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6 Great Tank Mates for Fire Eels (Compatibility Guide 2023)

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By Lindsey Stanton

Fire Eel in aquarium

While a Fire Eel is an excellent fish on its own, having a single fish in a tank can get a bit boring. But what tank mates can you add to their enclosure that won’t cause any problems—or end up as lunch?

We broke down the six best options here and when you might want each one.

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The 6 Tank Mates for Fire Eels

1. Angelfish (Pterophyllum) — Easiest to Care For

Angelfish in aqurium
Image Credit: Piqsels
Size 6” long and 8” high
Diet Tropical flakes, color flakes, tropical granules, and shrimp pellets
Minimum tank size 20 gallons
Care Level Low
Temperament Peaceful and timid

One of the best tank mates that you can get for your Fire Eel is an Angelfish. Angelfish have a typically peaceful and timid temperament, and their larger size means the Fire Eel will not see them as food.

Keep in mind that Angelfish do best in schools, so you should consider getting at least six. Otherwise, they can get a bit temperamental and territorial.

Finally, since Angelfish don’t require an overly large enclosure, the tank you have for your Fire Eel is likely already large enough.

2. Barb Fish (Barbus Barbus) — Most Variety

tinfoil barb fish
Image Credit: Zeyd Ladha, Pixabay
Size 3” to 13”
Diet Tropical flakes, color flakes, tropical granules, and shrimp pellets
Minimum tank size 30 gallons
Care Level Low
Temperament Playful but occasionally aggressive

Barb fish come in many different varieties, which is part of the appeal of adding them as tank mates. However, finding the perfect barb fish for your Fire Eel requires a bit of homework.

Too small of a fish and your Fire Eel will eat it, and too large of a fish and you’ll need to massively upgrade your tank size. These fish are known to be extremely playful but can have an occasional aggressive streak.

This usually isn’t a problem with a Fire Eel companion, but it’s something to keep in mind if you’re adding other fish into the fray.

3. Silver Arowana (Osteoglossum Bicirrhosum) — Most Challenging Tank Mate

silver arowana in aquarium
Image Credit: Grigvovan, Shutterstock
Size 47”
Diet Earthworms, crab, crickets, shrimp, beef heart, krill, crustaceans, and feeder fish
Minimum tank size 250 gallons
Care Level High
Temperament Highly aggressive

Sometimes, you want a bit of a challenge, and when you do, the Silver Arowana is an excellent choice to pair with your Fire Eel. These massive fish can grow up to 4 feet long, and they require a tank of at least 250 gallons!

They’re also extremely aggressive, so you can’t pair them with any smaller fish. If you’re thinking of adding a Silver Arowana to your tank, ensure that you have enough space and can keep conditions and feedings ideal—otherwise, you might run into problems.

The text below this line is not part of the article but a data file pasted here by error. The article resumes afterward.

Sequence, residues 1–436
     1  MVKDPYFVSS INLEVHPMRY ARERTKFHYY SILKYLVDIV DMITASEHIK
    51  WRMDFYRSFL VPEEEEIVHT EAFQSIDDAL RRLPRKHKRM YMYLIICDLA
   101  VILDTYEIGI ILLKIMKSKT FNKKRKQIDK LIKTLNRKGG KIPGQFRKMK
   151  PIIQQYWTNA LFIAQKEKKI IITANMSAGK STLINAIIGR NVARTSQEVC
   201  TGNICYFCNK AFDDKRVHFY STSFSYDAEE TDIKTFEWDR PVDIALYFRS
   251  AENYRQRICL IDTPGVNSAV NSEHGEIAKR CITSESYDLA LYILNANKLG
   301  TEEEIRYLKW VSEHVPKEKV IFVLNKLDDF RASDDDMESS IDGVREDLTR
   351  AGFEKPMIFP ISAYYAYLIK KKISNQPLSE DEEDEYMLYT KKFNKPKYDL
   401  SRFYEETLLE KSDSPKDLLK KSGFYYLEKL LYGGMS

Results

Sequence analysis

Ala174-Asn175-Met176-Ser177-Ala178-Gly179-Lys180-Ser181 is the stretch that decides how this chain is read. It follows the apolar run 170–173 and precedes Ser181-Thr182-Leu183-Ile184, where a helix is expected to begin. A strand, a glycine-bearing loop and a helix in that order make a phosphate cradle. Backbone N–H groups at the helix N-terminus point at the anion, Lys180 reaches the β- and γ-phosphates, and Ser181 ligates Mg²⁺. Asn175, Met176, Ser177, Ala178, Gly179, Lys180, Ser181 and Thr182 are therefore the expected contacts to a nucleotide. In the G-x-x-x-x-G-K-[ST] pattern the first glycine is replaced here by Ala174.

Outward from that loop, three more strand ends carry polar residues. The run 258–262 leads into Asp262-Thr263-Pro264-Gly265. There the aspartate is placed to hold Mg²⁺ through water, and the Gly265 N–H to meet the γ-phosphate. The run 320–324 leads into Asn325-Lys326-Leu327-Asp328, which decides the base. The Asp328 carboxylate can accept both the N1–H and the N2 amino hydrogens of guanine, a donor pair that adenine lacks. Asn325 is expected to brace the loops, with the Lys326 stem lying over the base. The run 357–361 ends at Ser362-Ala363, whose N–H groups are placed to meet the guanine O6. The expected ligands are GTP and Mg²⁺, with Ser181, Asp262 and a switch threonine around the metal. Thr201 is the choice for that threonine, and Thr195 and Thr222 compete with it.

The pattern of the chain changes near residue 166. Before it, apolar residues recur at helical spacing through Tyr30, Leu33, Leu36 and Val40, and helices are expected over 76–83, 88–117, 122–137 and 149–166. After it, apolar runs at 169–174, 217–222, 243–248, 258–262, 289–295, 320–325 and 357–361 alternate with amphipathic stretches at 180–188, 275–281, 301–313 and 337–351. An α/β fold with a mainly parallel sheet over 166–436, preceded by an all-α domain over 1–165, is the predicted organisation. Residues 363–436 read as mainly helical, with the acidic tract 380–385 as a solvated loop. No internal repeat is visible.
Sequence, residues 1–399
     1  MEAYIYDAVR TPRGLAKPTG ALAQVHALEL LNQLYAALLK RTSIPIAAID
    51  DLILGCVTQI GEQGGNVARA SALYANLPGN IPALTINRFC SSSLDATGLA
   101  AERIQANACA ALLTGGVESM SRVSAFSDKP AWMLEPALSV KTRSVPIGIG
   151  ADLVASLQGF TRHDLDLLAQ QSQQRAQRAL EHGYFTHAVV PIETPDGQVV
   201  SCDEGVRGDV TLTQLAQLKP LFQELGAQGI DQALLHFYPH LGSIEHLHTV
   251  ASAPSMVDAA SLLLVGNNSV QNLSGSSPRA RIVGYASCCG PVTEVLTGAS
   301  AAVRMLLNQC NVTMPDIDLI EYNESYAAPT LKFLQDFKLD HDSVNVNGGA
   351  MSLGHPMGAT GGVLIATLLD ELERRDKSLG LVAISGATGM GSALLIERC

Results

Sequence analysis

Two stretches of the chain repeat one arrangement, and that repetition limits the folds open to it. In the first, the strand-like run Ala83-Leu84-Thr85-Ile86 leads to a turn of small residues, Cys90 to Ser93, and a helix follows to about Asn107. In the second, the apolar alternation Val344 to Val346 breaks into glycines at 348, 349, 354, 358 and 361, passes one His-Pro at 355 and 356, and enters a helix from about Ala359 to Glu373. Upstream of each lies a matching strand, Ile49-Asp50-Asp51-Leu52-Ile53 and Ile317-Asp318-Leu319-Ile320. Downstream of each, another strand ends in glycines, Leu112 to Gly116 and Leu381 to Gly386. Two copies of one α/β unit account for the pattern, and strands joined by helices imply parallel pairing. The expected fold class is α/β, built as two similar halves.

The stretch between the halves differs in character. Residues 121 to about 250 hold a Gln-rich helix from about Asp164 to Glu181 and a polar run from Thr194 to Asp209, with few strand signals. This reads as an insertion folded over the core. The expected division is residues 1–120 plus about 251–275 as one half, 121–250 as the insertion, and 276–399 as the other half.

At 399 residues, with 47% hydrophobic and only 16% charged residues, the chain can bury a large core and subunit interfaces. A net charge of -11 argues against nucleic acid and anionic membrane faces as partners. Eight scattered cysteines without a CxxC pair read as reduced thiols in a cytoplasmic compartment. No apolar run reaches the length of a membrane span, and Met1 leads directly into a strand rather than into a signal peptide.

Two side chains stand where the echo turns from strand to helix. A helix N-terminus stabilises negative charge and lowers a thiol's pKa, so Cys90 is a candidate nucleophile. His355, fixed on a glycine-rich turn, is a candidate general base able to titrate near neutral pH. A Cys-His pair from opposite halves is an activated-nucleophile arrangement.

Related Read: 10 Best Tank Mates for Arowanas

4. Oscar Fish (Astronotus Ocellatus)

white and orange oscar fish
Image Credit: Fabika, Shutterstock
Size 11″ to 12”
Diet Tropical flakes, color flakes, shrimp pellets, bloodworms, shrimp, boiled peas, and blanched spinach
Minimum tank size 55 gallons
Care Level Medium
Temperament Aggressive and territorial

A slightly challenging but highly popular fish to pair with your Fire Eel is the Oscar Fish. Just keep in mind that Oscar Fish are incredibly territorial, even with other Oscar Fish.

So, while a 55-gallon tank might be the minimum size, you might run into problems if you use anything smaller than 75 gallons. The more Oscar Fish you add, the larger tank that you need. Otherwise, they’ll fight and kill each other.

5. Green Terror (Andinoacara Rivulatus)

green terror cichlids
Image Credit: Piqsels
Size 8”
Diet Frozen krill, bloodworms, and brine shrimp; tropical flakes, plankton, green vegetables, cichlid pellets, or live red earthworms
Minimum tank size 75 gallons
Care Level Medium
Temperament Aggressive and territorial

An aggressive and territorial fish that pairs well with the Fire Eel is the Green Terror. Green Terrors can add a splash of bright color to your tank.

Due to this fish’s territorial nature, you need to ensure that you have a large enough tank, with a 75-gallon tank being a good starting point. The more fish that you add, the larger the tank that you’ll need.

6. Bichir Fish (Polypteridae)

Banded Bichir Fish
Image Credit: chonlasub woravichan, Shutterstock
Size 12” to 30”
Diet Shrimp, mussels, silversides, worms, and other live food
Minimum tank size 55 gallons
Care Level Medium
Temperament Occasionally aggressive

The Bichir Fish is an option that you need to do your research on before purchasing. Some Bichir Fish only reach 12 inches, which means they’re a great addition to a smaller tank.